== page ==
7 July 2006

Nigeria: MTN Shareholders Approve Purchase Of Investcom

Abuja — Shareholders of the MTN Group have approved the acquisition of the Investcom LLC, the Dubai and London listed telecommunications giant. The deal will see MTN's takeover of the entire issued share capital of Investcom. Following this approval, the MTN Group will acco-rdingly, now submit an application to the Johannesburg Stock Exchange Limited for the listing of a maximum of 204,298,809 new MTN Group ordinary shares in respect of the offer.

The acquisition of Investcom has already received valid acceptances from shareholders owning approximately 78.1 percent of the issued share capital of Investcom (representing 1,120,281,524 Investcom shares) and the acquisition has become unconditional as to acceptances. MTN Group President and CEO, Mr Phuthuma Nhleko said: "The approval of these resolutions by the req-uisite majority of our share-holders is good progress towards the conclusion of the Investcom deal and brings us closer to the realisation of the MTN Group's strategy to consolidate our position in Africa and the Middle East." Following the approval, MTN has raised R6,3bn in a bond issue to help fund its acquisition of the company, but the cellular operator is under fire for "unethically" manipulating the bond market by not accepting all the bids.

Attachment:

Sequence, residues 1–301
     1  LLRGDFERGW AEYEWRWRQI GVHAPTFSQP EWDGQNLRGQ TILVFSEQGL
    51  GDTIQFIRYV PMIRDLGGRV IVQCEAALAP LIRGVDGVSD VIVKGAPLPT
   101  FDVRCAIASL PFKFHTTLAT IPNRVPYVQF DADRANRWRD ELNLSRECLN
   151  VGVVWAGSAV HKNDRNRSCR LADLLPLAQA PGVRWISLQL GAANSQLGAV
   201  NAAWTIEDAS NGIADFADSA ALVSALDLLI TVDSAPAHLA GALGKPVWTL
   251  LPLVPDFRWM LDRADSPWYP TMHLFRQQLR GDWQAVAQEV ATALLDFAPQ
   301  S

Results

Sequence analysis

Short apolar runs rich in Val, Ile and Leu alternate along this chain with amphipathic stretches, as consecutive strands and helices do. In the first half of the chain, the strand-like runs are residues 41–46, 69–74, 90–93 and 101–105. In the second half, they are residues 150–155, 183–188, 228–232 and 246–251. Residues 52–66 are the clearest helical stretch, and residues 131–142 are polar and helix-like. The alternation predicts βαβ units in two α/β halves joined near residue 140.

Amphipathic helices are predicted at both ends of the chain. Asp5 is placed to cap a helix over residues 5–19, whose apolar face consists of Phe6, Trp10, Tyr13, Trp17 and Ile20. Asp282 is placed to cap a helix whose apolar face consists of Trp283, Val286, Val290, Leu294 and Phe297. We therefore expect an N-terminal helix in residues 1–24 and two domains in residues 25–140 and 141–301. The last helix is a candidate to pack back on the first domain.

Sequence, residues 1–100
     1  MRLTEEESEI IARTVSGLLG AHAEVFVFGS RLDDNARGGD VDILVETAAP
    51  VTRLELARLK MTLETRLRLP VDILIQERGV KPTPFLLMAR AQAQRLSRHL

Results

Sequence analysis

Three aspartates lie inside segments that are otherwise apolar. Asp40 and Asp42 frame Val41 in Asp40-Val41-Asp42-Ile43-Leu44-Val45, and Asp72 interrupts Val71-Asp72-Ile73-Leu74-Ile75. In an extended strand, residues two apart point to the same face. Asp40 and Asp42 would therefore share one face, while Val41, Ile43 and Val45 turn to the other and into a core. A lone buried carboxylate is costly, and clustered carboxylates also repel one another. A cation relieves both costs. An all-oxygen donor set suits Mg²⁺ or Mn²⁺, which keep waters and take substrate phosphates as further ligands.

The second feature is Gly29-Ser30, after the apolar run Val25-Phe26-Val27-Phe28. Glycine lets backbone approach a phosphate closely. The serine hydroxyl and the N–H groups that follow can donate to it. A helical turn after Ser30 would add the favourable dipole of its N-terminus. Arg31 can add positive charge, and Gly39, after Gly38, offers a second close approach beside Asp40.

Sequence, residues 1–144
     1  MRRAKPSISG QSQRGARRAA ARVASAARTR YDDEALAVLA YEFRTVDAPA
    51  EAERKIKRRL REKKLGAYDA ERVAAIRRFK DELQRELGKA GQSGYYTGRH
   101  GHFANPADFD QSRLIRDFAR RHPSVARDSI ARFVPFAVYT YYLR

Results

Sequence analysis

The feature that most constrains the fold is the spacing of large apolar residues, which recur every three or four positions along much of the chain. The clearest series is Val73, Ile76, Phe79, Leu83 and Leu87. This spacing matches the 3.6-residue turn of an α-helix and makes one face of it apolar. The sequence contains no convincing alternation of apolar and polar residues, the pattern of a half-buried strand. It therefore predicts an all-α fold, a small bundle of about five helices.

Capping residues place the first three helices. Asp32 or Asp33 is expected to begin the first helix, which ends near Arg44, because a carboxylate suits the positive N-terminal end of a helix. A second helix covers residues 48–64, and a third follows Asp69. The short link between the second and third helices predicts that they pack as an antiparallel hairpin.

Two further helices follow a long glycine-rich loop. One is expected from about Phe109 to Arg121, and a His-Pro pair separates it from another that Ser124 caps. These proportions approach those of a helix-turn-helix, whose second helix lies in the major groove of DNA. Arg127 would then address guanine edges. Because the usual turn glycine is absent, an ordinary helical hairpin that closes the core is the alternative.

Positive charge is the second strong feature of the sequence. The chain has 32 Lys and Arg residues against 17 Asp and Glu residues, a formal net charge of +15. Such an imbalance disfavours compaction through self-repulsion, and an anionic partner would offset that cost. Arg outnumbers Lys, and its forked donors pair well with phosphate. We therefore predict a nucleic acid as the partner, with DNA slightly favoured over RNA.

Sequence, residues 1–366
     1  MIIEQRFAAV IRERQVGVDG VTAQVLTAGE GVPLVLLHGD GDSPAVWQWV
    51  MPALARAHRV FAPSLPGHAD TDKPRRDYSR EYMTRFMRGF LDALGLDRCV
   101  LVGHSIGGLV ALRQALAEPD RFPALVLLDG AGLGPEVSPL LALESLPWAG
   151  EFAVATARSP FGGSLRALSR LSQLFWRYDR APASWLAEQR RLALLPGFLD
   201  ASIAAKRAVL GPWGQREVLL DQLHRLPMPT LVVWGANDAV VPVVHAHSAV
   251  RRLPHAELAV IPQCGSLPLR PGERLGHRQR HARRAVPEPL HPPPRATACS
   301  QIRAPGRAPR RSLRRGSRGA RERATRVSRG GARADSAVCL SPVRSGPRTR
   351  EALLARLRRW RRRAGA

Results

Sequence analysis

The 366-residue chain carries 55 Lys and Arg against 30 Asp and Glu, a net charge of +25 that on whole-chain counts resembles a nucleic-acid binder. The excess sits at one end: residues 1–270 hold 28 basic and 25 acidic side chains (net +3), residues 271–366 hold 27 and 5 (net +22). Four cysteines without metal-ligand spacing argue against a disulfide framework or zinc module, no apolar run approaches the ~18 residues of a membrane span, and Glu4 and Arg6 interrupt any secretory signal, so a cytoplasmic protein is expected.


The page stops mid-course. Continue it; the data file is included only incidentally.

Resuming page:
MTN wanted to raise R8bn in the public bond market, in South Africa but refused to place bonds with investors demanding a higher yield rate. That capped the cost of its capital, but upset investors, and might put them off supporting MTN in future, said Andrew Canter, head of fixed interest at Futuregrowth Asset Management. MTN is paying $5,5bn for Investcom, and offered the bonds to local investors. It could have raised its full target had it accepted all the bids, but instead it came back to the bidders and asked them to lower their expected yield rates, Canter said. Those that refused received no bonds. "MTN didn't like the prices that were being offered, so it didn't have enough bids to ta ke the whole issue," Canter said. "The placement is a relative failure because it got 75% of what it wanted at higher yields than it wanted."

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